The IC immediately acknowledges the matching data and reverts the output into a low for the necessary actions.
The output may be directly connected with a relay if only a momentary toggling is required or only for the time the input is active.
For an ON/OFF switching the same may be configured with a FLIP-FLOP circuit.
Sound Activated Remote Transmitter Circuit
The following circuit may be utilized for generating an audible frequency for the above described sound remote receiver circuit.
The circuit is based on a simple AMV concept using a few ordinary transistors and some other passive parts.
The frequency of this transmitter circuit must be first set to the receivers matching frequency which is calculated to be 2kHz.
This may be done by suitably adjusting the 47k preset and monitoring a latching response from the receiver simultaneously.
The above explained project which uses foolproof unique frequency for sound triggering can be specifically for remote locks in cars, house doors or safes for jeweler's shops and office entrances etc
3) Alarm Trigger with Sound using Piezo
So far have learn regarding ON/OFF application using noise generation, now let's see how the same could be used for triggering an alarm, whenever a noise or a sound is detected.
A simple sound triggered alarm circuit is a device which is used for triggering an alarm on detection of a sound vibration. The sensitivity of the unit is set externally according to the requirement of the user.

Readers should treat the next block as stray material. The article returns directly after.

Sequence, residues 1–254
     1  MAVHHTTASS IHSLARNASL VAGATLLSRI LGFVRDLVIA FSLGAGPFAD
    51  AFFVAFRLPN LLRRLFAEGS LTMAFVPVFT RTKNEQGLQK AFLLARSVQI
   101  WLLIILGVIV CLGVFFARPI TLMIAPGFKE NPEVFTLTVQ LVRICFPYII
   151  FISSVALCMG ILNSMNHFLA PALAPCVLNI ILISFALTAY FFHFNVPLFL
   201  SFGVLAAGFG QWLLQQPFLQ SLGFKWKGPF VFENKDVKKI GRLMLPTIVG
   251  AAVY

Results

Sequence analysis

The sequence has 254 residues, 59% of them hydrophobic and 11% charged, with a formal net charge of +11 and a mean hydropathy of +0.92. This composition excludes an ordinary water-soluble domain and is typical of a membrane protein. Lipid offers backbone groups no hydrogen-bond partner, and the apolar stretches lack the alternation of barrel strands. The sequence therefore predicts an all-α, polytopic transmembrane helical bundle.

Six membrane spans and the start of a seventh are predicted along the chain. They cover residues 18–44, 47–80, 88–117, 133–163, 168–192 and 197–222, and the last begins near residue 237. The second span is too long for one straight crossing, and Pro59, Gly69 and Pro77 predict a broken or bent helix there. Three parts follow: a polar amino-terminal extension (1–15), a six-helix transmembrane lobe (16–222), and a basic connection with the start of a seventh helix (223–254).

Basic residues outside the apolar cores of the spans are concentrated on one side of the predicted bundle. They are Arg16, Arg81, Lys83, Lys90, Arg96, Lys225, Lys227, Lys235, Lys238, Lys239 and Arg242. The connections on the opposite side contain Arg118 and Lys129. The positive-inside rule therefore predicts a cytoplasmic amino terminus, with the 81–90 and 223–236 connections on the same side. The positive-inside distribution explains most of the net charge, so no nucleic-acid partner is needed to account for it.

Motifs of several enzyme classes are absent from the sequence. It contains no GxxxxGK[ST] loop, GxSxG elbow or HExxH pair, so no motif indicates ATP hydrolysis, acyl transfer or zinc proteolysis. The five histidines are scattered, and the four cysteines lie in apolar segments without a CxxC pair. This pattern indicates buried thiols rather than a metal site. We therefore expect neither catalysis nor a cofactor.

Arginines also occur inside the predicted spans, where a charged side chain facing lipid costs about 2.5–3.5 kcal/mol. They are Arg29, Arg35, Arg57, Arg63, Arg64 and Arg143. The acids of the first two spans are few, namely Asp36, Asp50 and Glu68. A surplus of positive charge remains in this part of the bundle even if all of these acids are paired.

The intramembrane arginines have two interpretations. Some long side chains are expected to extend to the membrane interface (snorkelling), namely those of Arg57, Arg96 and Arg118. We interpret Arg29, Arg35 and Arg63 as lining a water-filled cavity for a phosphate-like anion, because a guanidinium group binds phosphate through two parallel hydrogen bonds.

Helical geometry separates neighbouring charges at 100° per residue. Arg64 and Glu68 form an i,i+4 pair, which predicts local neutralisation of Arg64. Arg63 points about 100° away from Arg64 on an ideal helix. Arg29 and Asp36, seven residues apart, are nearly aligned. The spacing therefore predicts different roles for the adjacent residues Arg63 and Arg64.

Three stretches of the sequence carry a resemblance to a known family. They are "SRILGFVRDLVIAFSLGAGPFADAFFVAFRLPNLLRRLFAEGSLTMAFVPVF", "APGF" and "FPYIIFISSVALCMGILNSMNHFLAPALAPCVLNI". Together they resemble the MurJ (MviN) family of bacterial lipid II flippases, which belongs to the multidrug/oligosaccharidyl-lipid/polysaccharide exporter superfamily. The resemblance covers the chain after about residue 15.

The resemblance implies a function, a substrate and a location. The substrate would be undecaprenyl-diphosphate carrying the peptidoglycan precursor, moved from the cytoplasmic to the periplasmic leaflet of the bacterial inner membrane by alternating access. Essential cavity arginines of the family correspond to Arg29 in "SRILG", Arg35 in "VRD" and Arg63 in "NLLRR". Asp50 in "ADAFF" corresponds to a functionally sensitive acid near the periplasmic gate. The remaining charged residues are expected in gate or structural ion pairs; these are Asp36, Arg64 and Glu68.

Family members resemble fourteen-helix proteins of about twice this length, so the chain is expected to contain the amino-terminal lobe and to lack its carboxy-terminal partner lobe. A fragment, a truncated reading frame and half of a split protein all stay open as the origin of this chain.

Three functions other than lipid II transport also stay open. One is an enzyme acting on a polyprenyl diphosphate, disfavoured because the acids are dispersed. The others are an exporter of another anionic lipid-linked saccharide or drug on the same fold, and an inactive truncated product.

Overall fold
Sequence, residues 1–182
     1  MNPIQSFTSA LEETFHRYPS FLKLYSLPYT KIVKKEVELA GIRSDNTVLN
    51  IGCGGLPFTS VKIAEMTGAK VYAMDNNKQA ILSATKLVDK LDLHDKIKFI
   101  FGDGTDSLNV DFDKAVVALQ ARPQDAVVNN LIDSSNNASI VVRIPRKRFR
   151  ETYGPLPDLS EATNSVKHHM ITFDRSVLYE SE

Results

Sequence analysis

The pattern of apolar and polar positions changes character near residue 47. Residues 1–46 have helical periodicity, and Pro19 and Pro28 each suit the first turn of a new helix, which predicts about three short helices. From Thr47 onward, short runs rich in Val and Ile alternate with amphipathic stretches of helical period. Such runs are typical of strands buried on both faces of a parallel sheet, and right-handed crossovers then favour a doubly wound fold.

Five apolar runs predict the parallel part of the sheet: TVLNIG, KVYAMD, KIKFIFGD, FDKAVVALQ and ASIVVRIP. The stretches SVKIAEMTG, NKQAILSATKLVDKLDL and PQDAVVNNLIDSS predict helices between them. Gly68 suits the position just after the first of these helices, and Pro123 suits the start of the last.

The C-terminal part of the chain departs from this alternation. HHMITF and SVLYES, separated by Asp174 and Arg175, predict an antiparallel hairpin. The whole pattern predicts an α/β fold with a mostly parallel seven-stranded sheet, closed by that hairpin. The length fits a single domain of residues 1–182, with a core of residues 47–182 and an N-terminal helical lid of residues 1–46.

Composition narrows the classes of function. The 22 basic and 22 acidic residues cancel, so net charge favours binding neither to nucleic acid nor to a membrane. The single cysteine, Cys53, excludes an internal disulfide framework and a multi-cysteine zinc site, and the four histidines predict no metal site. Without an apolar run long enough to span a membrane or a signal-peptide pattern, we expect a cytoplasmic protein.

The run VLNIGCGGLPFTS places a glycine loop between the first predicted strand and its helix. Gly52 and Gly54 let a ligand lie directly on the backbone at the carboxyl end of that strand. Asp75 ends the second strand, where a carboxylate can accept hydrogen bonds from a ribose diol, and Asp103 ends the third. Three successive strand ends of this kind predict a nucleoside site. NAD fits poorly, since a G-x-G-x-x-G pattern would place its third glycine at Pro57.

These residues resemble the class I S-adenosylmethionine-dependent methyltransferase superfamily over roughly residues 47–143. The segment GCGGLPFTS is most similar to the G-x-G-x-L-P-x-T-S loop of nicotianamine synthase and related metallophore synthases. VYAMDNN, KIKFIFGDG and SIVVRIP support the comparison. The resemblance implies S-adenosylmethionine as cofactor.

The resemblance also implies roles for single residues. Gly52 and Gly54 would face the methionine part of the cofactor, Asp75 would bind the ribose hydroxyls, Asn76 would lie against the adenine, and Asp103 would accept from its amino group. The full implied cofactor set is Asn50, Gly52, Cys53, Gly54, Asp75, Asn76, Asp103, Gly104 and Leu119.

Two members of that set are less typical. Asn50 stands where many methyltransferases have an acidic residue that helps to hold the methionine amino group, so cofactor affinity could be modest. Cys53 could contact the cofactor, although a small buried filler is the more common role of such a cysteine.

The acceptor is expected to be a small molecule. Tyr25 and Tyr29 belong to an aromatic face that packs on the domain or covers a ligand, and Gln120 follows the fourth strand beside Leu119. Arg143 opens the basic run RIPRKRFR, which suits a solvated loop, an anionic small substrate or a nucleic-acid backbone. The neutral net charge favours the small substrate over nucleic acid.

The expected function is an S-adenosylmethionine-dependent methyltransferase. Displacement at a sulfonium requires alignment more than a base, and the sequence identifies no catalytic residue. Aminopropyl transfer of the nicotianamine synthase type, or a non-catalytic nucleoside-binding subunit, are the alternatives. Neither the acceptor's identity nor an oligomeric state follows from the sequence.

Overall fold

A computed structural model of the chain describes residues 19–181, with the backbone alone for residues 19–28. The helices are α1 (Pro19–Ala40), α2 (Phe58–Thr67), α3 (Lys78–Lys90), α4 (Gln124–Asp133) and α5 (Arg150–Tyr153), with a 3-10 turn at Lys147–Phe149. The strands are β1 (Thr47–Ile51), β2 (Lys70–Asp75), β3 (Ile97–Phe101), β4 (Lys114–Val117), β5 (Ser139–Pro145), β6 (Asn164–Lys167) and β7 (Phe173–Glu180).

The circuit discussed in this article can be implemented for the above purpose or simply as a security device for detecting an intrusion. For example it can be fitted in a car for detecting a possible intrusion or a break-in.
Looking at the circuit diagram we see that the circuit uses only transistors and therefore becomes very easy even for a new hobbyist to understand and make the system at home.
How it Works
Basically the whole circuit is made up of two small signal amplifiers which are connected in series for doubling the sensing power.
T1, T2 along with the associated resistors becomes the first small signal amplifier stage.
The introduction of the 100K resistor across the emitter of T2 and the base of T1 plays an important role in making the amplifier stage very stable due to the feedback loop connected from the output to the input of the stage.